Maine shipyard puts brakes on summer trolley tour
The Zumwalt-class guided-missile destroyer DDG 1000 is floated out of dry dock at the General Dynamics Bath Iron Works shipyard. The ship, the first of three Zumwalt-class destroyers, will provide independent forward presence and deterrence, support special operations forces and operate as part of joint and combined expeditionary forces.
Portland (Maine) Press Herald
A popular summer trolley tour of the Bath Iron Works shipyard has been canceled for at least a year because of safety and security concerns as the military shipbuilder plans to build four destroyers and a new outfitting hall.
Amy Lent, executive director of the Maine Maritime Museum in Bath, which has been conducting the behind-the-scenes tours since 2006, said the cancellation will be a letdown for many visitors.
“It’s a huge disappointment not to be able to operate that tour,” she said. “They’re extremely popular – every tour sells out.”
BIW, a subsidiary of the Virginia-based defense and aerospace firm General Dynamics, is scheduled to begin work this year on a $32 million project to build a new outfitting hall. The project will include demolition of various older buildings and upgrading other shipyard facilities.
In addition, work on four ships will be going on simultaneously in the yard: two Zumwalt-class destroyers and two Arleigh Burke-class Aegis destroyers, the company has said.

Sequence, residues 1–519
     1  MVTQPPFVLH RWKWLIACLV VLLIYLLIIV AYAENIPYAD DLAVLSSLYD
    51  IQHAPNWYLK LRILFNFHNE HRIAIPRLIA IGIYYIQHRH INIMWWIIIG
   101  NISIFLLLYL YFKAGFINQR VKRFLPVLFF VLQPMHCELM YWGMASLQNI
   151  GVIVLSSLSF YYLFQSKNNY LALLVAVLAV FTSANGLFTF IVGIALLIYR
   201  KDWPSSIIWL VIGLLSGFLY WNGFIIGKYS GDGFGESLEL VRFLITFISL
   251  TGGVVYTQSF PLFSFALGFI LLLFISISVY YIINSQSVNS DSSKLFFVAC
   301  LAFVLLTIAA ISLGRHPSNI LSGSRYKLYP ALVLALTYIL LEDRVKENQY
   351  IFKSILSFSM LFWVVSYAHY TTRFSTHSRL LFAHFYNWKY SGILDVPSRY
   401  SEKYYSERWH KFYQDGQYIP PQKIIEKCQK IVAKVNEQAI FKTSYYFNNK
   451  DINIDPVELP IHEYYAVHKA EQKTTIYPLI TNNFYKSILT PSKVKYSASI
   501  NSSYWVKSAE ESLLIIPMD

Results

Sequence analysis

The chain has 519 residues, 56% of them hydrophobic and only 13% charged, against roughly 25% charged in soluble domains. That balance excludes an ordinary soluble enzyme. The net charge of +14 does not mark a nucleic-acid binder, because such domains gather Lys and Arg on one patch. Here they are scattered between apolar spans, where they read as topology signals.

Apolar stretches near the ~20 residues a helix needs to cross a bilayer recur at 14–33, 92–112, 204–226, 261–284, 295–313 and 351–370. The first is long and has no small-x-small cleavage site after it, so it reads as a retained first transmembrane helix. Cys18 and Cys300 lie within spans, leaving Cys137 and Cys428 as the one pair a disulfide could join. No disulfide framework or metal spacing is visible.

BIW spokesman Matt Wickenheiser said that is simply too much work going on at once to guarantee that both tourists and company employees would remain safe.
“Our main concern is that we’re going to be ripping up the shipyard and doing a lot of work,” he said.
BIW representatives said it was too soon to know whether the behind-the-scenes tours could be resumed as early as summer 2015.
The shipyard tours are a centerpiece of the nonprofit museum’s summer programming and a major source of its revenue, Lent said. However, another tour is being developed as an alternative, she said.
It is likely that the replacement tour would involve visiting several historic sites in Bath and focus more on the city’s long history of shipbuilding, Lent said.
Information about those tours will be posted on the museum’s website, MaineMaritimeMuseum.org, as soon as it is finalized, she said.
In addition, she said the museum’s Kennebec River cruises will be adjusted to provide added emphasis on BIW, particularly the massive DDG-1000 Zumwalt destroyer currently sitting in the water at the shipyard’s edge.
“The DDG-1000 is an amazing ship, and seeing it from the water is astonishing,” Lent said.
Prices for this year’s tours have not been finalized, she said. In 2013, the museum charged $35 to nonmembers for the 90-minute BIW shipyard tour and $25 for the 60-minute Kennebec River cruise.
Tours generally run from May through October, Lent said.